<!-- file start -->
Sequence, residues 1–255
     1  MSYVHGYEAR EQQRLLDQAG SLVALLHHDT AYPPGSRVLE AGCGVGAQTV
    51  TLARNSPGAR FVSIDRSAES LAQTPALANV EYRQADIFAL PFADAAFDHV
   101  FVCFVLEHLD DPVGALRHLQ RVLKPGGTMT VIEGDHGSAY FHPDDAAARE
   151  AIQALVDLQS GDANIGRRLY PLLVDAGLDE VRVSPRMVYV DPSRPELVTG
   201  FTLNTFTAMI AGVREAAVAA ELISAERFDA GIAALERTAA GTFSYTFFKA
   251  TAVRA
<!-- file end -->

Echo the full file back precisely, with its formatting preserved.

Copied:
Sequence, residues 1–255
     1  MSYVHGYEAR EQQRLLDQAG SLVALLHHDT AYPPGSRVLE AGCGVGAQTV
    51  TLARNSPGAR FVSIDRSAES LAQTPALANV EYRQADIFAL PFADAAFDHV
   101  FVCFVLEHLD DPVGALRHLQ RVLKPGGTMT VIEGDHGSAY FHPDDAAARE
   151  AIQALVDLQS GDANIGRRLY PLLVDAGLDE VRVSPRMVYV DPSRPELVTG
   201  FTLNTFTAMI AGVREAAVAA ELISAERFDA GIAALERTAA GTFSYTFFKA
   251  TAVRA